When you’re building a product, you want to fill it with features. After all, the more you offer, the more customers you can attract. Right?
Wrong. Sort of.
You might eventually want to build a product with a 100 features. But starting off with one that aims to do that is not a smart decision. What you want to start off with is a minimum viable product (MVP).
What is a Minimum Viable Product
A minimum viable product http://venturehacks.com/articles/minimum-viable-product is a product that solves the core problem. For example, Buffer is a great tool for scheduling social media posts. When it launched, all they did was schedule posts you manually added to the “feed”. That was the “core” problem they were addressing. You could call that their minimum viable product.
Why not build a product with all the bells and whistles? For one, you won’t know if it will work till you’ve launched the product. And since you’re building a lot of features into it from the get-go, this means that by the time you find out if the product will sell, you have already spend a lot of money developing it. It’s now too late to change the product without incurring heavy losses.
When you work towards a minimum viable product, your vision for the product is really clear. Our product A solves problem B. Here are the basic features it will have. Here are the customers we are hoping to sell it to. Everyone that tries this first version of your product out is an “early adopter”, and essentially the sort of person who is ok with trying out beta products to provide feedback.
How do you know you have a Minimum Viable Product?
There’s no one way to know. Instead, here are a number of different tests and techniques you can use to help you determine whether you have a minimum viable product or not.
1. Talk to Customers
Your product is aimed at solving a problem. Talk to your potential customers and find out exactly what the problem is, and whether or not your potential product will solve these problems for them. These aren’t sales calls. This is you, sitting down with each customer, trying to figure out if your product is indeed the solution you think it is.
2. Use Landing Pages
A landing page is the first step potential customers take down your sales funnel. This is your chance to explain what your product is, how much it costs, and have them sign up to try it out. Use this page to test whether or not the current version of your product is going to be able to get customers. Use a tool like CrazyEgg to see how potential customers react to this page, and use this data to help figure out whether or not you have a MVP.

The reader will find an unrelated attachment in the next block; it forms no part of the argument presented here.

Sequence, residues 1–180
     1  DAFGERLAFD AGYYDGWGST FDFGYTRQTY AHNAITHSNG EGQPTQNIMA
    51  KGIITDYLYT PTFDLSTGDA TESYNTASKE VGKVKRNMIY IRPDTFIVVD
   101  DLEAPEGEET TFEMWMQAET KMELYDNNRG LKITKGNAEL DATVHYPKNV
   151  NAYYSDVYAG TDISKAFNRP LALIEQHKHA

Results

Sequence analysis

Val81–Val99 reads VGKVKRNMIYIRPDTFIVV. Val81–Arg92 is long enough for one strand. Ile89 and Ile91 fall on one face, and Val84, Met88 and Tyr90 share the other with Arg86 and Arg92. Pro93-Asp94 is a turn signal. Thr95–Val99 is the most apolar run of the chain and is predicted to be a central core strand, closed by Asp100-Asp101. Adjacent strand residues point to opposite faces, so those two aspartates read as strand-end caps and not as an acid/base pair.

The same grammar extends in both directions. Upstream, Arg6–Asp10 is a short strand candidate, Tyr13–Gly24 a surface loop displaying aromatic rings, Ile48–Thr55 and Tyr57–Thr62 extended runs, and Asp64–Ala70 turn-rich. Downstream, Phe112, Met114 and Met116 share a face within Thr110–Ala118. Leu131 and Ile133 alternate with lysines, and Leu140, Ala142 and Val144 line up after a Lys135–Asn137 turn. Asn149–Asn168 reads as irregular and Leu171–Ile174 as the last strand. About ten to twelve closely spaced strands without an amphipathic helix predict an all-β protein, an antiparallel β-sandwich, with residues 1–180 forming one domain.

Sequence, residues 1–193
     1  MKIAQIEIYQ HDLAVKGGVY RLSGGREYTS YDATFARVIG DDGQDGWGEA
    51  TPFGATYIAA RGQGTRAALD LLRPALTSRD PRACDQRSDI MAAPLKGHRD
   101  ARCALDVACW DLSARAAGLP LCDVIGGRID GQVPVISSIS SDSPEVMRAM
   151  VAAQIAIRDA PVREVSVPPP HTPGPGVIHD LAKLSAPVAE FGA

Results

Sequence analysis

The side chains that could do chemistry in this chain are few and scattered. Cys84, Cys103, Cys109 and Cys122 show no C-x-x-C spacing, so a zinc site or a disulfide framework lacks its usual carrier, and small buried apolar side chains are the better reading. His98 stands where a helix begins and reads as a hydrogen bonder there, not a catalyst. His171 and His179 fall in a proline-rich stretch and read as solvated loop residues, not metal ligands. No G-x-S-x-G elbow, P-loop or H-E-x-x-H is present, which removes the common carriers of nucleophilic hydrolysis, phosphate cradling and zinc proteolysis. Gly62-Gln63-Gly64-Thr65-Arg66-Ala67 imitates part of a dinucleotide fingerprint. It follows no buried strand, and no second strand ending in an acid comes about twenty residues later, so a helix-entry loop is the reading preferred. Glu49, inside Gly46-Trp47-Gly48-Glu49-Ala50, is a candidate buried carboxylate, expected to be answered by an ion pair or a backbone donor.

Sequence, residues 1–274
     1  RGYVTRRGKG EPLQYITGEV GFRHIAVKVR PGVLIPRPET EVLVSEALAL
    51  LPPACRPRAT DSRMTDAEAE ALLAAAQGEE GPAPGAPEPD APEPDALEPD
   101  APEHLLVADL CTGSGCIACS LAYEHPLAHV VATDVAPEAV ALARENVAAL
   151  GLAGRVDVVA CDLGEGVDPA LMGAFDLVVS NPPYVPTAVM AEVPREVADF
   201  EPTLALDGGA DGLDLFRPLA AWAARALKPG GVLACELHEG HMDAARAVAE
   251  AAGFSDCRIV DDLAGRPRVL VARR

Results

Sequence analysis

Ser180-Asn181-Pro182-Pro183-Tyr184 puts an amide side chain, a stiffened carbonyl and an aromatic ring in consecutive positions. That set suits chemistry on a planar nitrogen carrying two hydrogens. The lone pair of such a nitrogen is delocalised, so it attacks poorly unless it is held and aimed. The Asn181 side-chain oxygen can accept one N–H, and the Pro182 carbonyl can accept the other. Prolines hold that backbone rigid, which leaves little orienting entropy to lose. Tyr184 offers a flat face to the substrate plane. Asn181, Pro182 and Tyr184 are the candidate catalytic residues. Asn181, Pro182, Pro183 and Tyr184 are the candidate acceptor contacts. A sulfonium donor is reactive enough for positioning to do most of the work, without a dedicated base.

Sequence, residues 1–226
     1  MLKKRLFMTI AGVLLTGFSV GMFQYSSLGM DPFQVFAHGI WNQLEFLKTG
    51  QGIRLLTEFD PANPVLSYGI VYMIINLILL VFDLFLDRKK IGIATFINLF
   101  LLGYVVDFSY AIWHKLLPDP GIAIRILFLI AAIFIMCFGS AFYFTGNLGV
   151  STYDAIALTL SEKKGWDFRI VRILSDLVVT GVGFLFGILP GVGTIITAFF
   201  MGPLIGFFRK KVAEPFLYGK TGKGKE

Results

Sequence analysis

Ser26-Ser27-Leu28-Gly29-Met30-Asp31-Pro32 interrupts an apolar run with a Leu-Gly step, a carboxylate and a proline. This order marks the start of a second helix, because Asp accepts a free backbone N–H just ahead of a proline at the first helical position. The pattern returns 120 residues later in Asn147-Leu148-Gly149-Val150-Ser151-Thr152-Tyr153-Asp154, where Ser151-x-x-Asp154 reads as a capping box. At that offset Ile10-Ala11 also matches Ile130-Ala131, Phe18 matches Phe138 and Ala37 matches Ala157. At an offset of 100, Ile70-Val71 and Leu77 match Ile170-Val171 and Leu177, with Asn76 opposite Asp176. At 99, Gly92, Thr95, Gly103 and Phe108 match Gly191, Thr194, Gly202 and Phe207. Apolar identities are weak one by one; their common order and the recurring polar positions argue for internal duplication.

3. Sign up for Ad Campaigns
Use Google and Facebook to run ads for your product. See the response you get. This is a great, low-cost, way to testing to see if the demographic you are interested in marketing to will respond to your product. You don’t have to spend big bucks on this, but the data you get will be priceless.
4. Take a Page out of Zappos’ Book
When Nick Swinmurn built Zappos, he didn’t actually start off buying and stocking inventory. He went to different shops, took pictures of shoes, and put them up on his website. When he got an order, we would go to the actual shop and buy the product. This helped him test the theory behind his business, and see if he had a real market for it. How do you apply this? Instead of getting started with coding or developing your product, see if you can hack an experience for the customer where they believe they are experiencing the actual product. Then test and see how much response you get from the market and go from there.
Essentially, you want to figure out if the current iteration of the product is one that will sell – without bells and whistles. These are some great ways to check that without investing a lot more time and energy into the process.
Do you have any other ideas? Leave me a note in the comments.